Talking: Magda from Sewansome

Tell us a little bit about yourself, where did your passion for sewing come from?

I grew up in Slovakia, with mum, and I was always full of beans and quite a handful so mum decided to occupy my body and mind. She taught me lot of crafts since very young age. I had my first toy sewing machine at the age of 7 and was sewing clothes for dolls by hand and on this little machine (I didn’t really like dolls otherwise, preferred lego and puzzle). I made my first skirt when I was about 10 and I remember being told off for sewing white fabric with dark thread…but I wanted to surprise mum while she was out by quickly making it by myself and didn’t have a clue how to re-thread the machine. Well, she made me unpick it all and start again…I can tell you I hated sewing at that point.

When did you take the step to make your passion your business? What do you enjoy the most about running it?

I have set up ‘sewansome’ after I have lost a job when living in Cornwall. I decided to create my own work as I got fed up with looking for an employment and never find nothing challenging enough and stable. It was a quick decision when I put together what I was capable of doing and what I loved doing and creativity and business are some of those passions plus I had fashion design education.

Do you have a typical day at Sewansome?

When running your own business there is no such thing as a typical day. Only routine is the breakfast and finishing late. While working, I am seeing customers, reply to emails, answer to calls, do accounts, admin, marketing, deal with stock and other things a business must do. I often wish there is about 10 of me. Some days I teach sewing and I think those are my favourites. I can’t get distracted by million things I need to do and its more relaxing concentrate on what other people are doing.

Is there something that you have made for yourself (or someone else) that you are most proud of?

I don’t have anything in particular. I am more proud of constantly learning myself. I am doing 2 courses of some sort each year as I am obsessed by learning and new challenges. All related to sewing, creativity and teaching. It’s always very satisfactory when you create anything and your customer loves it or when you teach and you see enthusiasm and confidence in your students. Making others happy makes me happier than making something for myself.

You run a whole range on sewing classes at Sewansome, If someone asked for your advice in starting sewing from scratch, what would you suggest?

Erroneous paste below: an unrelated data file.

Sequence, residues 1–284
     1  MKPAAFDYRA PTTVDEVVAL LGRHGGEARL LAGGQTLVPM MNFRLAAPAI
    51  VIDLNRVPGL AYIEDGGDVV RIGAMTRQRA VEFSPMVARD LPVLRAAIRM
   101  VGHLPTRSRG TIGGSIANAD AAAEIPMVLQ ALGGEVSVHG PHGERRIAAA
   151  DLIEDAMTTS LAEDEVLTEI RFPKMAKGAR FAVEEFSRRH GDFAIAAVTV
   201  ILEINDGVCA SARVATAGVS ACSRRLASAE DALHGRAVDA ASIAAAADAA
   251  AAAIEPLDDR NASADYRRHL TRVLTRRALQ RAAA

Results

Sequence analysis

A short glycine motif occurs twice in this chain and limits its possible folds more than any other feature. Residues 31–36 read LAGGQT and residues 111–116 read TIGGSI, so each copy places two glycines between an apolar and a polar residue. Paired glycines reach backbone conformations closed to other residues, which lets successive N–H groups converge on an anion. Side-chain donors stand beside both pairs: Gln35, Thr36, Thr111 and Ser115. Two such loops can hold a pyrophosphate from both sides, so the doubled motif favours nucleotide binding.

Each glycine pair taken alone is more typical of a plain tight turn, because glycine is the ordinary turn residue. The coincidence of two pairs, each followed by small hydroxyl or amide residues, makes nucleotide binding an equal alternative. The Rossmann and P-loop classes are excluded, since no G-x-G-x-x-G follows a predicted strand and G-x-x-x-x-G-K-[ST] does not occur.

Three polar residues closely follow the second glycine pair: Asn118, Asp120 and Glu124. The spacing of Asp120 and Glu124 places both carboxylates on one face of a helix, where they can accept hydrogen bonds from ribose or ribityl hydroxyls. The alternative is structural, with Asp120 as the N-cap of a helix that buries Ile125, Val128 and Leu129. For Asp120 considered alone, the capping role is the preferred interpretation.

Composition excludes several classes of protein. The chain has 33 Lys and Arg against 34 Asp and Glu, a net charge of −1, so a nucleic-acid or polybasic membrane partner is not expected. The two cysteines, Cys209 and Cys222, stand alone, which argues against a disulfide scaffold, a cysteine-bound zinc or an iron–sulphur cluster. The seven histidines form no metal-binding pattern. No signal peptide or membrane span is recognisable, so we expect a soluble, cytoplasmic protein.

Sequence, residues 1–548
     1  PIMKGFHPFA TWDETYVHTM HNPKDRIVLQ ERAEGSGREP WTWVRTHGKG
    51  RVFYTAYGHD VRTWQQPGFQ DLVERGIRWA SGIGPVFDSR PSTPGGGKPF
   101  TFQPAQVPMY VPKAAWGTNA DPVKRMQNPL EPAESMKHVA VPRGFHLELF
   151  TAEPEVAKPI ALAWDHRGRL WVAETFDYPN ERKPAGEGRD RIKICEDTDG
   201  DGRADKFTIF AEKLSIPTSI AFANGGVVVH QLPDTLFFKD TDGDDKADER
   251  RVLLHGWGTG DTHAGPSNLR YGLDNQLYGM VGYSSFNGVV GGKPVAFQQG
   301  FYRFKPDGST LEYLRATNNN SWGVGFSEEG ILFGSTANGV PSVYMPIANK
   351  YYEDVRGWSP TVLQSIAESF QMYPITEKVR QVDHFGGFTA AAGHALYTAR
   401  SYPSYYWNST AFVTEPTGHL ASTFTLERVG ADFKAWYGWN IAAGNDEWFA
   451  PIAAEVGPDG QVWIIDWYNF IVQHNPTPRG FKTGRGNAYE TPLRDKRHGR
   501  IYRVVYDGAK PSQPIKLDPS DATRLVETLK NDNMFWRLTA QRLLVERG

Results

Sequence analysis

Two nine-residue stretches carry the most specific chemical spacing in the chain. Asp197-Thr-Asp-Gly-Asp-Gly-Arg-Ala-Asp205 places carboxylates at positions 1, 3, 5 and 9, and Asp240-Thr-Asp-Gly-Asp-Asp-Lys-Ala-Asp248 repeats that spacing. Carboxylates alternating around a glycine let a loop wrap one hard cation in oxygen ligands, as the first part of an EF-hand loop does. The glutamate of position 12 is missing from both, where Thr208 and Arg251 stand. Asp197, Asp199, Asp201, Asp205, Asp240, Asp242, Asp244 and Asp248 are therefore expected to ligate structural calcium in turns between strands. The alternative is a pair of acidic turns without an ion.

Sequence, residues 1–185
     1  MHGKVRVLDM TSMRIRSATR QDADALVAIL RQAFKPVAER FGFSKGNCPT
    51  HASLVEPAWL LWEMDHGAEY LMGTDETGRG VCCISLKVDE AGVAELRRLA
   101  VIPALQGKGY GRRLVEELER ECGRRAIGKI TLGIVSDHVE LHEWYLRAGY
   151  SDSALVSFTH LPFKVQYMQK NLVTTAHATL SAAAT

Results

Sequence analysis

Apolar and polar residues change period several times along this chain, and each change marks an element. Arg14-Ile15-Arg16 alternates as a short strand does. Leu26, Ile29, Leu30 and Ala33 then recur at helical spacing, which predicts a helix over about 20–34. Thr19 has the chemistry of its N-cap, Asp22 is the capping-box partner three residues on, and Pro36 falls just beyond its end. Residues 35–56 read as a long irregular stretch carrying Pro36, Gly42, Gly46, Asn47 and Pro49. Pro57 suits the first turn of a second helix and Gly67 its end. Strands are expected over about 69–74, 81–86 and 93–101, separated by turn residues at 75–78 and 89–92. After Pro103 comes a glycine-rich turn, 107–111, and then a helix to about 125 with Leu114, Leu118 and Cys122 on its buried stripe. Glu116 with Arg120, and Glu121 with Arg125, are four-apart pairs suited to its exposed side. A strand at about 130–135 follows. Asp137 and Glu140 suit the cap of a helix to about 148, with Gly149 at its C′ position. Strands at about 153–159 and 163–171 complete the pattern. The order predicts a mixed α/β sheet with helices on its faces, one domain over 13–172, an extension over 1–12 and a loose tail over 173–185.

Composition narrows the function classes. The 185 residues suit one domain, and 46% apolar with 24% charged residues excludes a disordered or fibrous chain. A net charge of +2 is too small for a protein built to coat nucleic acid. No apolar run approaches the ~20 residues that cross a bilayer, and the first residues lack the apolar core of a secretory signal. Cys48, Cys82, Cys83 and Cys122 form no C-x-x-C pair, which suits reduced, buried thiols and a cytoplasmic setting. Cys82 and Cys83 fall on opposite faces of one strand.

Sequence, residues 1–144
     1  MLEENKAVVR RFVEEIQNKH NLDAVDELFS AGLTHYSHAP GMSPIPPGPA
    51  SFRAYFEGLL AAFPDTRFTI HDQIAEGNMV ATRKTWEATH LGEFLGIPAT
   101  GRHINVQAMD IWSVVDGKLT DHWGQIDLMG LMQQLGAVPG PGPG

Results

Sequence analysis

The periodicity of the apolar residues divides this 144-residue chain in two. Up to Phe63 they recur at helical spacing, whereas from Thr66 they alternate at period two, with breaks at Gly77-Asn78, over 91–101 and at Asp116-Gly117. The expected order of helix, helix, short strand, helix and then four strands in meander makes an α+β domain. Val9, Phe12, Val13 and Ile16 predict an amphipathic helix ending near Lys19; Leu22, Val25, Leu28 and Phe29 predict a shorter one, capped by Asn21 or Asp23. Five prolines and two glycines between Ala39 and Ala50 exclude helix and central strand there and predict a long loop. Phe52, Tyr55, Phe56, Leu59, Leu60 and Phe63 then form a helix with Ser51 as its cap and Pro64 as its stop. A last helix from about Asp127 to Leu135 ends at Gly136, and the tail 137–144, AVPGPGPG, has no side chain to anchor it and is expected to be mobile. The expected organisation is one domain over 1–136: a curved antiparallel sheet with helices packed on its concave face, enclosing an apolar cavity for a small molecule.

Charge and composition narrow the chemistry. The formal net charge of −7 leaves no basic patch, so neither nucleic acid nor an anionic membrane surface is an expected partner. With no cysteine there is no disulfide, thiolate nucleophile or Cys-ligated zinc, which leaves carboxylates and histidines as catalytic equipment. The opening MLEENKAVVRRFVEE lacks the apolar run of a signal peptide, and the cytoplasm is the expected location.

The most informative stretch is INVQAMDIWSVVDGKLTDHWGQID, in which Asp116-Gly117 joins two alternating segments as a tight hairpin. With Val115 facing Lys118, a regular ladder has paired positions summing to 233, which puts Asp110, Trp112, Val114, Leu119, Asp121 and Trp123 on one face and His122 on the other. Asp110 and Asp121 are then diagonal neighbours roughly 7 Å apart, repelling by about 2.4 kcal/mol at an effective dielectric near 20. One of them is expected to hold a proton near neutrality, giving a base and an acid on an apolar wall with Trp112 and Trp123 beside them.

I would suggest, start at the start, don’t try to run before you can walk. Start with complete basics even if it might be boring. Get to grip with your sewing machine first, it’s like learning to drive, first you learn what the car does before getting on the road. Also, choose your materials well, don’t start with the tricky ones. If necessary, take some lessons, it’s worth being shown and told sometimes. It might cost but in the long run you invest in good basic you can then develop. Another thing to consider is the sewing machine. Its not worth buying the cheapest on the market, but by the same token, no point to invest to much before you know its going to be a tool you will be using a lot. I would suggest to spend between £200-£300 on a good enough sewing machine.

Can you recommend a good pattern for a complete novice?

There is whole range of patterns on the market marked as ‘easy’. I would say, start by small items for your home or kids, like cushion covers, PE bags, simple dress for your daughter or trousers with elasticated waist for your boy.

and one for stretching your skills a bit further?

Once you are confident in sewing you can do anything, including tailoring. We all have different speeds in learning and there is no set rules. Also, some people are really not interested in clothes and others really not interested in soft furnishings. Some people would love to use just jersey – whole new area. As you learn, you will work out what you enjoy most, but main advice is, keep the love for it and don’t give up, just find projects of the right level for yourself.

 If there’s one sewing skill you think it’s essential to master what would it be?!

Cutting and measuring are absolutely first on your skill list. If you don’t measure and cut straight, you won’t sew right and things won’t match and it would end up frustrating you. To sew straight and manage your tension is the next thing. When I say sew straight, I mean sew where you are meant to. And don’t forget to maintain your machine!

You can find Magda at Sewansome,  on Twitter,  Facebook  & Pinterest